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Federal cuts hit Indiana jobless, National Guard

Copyright 2014 The Associated Press. All rights reserved. This material may not be published, broadcast, rewritten or redistributed. The Associated Press
Tuesday, March 5, 2013 - 7:54 am

INDIANAPOLIS — Indiana agencies are cutting jobless benefits, furloughing National Guard members and losing food funds for the Women Infants and Children program because of the automatic federal budget cuts, officials said Monday.

The state will cut jobless benefits by 10.7 percent for 33,000 people starting March 31, Gov. Mike Pence's office said in a news release.

The automatic spending cuts took effect Friday, slashing $85 billion from the nation's budget. U.S. lawmakers say they want to undo the cuts so that federal programs can be spared but are divided over whether higher taxes should be used to pay for them.

Pence's office said that because of the cuts, the Indiana National Guard will put 1,000 full-time Army and Air National Guard military technicians on unpaid furlough one day a week from the end of April through September. The guard also will hold off on awarding $30 million in military construction projects at Terre Haute and South Bend for fiscal year 2013.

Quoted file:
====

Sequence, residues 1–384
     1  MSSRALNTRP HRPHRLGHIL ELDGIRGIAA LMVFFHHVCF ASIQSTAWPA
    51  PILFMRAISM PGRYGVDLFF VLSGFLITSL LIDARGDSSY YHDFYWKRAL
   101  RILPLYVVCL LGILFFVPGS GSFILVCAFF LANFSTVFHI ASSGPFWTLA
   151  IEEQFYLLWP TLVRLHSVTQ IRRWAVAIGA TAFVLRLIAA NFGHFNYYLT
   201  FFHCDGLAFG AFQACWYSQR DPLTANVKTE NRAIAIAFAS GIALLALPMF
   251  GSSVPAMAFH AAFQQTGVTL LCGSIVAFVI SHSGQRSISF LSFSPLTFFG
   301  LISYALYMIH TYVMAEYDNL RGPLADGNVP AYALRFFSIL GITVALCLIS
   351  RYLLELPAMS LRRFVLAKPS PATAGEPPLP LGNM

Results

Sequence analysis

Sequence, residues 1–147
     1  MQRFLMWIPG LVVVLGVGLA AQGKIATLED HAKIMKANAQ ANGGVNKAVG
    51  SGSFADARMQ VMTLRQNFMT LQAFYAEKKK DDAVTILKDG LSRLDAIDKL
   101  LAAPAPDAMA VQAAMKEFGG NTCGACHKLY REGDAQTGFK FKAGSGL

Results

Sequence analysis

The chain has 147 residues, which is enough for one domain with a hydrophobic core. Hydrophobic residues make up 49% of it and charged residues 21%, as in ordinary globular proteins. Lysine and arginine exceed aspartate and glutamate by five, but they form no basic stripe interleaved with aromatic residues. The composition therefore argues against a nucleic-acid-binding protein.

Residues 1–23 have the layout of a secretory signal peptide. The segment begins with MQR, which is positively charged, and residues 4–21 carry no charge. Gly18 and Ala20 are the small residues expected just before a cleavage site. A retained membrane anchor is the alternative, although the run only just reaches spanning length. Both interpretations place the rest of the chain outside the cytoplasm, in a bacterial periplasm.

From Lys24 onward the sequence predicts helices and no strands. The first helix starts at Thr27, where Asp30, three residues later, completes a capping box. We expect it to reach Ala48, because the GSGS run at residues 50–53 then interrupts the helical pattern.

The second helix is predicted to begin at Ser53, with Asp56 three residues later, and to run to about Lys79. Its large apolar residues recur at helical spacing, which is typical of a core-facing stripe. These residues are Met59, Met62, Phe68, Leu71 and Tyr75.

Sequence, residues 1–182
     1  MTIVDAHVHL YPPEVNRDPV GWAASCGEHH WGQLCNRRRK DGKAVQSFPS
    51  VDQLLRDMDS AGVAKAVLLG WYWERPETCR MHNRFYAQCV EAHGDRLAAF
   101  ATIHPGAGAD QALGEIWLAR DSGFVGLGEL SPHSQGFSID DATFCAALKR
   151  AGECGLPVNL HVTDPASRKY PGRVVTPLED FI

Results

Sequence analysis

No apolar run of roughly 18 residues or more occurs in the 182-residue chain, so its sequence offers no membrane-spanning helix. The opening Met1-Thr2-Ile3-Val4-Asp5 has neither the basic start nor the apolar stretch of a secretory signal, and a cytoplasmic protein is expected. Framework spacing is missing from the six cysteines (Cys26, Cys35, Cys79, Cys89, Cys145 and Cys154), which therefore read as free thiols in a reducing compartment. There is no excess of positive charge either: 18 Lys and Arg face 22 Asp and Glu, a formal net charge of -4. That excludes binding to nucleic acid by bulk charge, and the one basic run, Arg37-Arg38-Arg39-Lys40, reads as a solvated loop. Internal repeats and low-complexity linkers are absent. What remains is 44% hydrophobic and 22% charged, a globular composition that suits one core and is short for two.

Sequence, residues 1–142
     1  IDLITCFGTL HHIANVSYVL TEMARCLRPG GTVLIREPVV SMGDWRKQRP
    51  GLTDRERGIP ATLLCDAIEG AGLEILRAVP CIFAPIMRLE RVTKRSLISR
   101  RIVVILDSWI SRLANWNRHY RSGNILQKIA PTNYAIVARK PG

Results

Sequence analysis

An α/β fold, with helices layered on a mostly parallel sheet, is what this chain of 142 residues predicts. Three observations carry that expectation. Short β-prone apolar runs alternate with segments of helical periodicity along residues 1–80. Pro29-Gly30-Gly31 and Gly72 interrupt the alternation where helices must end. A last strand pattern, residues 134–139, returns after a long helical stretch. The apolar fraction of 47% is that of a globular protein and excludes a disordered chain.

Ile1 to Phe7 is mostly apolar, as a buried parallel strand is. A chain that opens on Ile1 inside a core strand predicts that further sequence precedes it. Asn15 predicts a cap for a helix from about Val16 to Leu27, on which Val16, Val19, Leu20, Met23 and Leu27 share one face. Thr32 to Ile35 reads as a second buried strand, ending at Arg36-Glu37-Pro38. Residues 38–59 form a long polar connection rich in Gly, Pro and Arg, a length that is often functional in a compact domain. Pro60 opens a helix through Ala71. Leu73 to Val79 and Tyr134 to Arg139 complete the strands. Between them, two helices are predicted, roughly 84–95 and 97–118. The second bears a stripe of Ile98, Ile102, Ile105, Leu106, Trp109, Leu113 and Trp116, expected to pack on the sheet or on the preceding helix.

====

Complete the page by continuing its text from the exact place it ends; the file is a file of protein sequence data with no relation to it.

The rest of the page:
The WIC program will be cut by $4.1 million, but the state plans to continue full benefits because of its low transportation cost, administrative cuts of $1.6 million and a declining caseload, Pence's office said.

The Indiana Department of Labor will lose matching dollars for the Indiana Occupational Safety and Health Administration, and the Department of Workforce Development will lose $1.1 million for job seeker services and $515,000 for other programs, it said.

Some state agencies, including the Department of Homeland Security, the Family and Social Services Administration, and the State Department of Health, have not received guidance from the federal government about how cuts affecting them will be administered.

The Bureau of Motor Vehicles, the Department of Environmental Management, the Department of Natural Resources, the Department of Revenue, the Department of Transportation, and the Department of Veterans Affairs will see little if any impact, it said.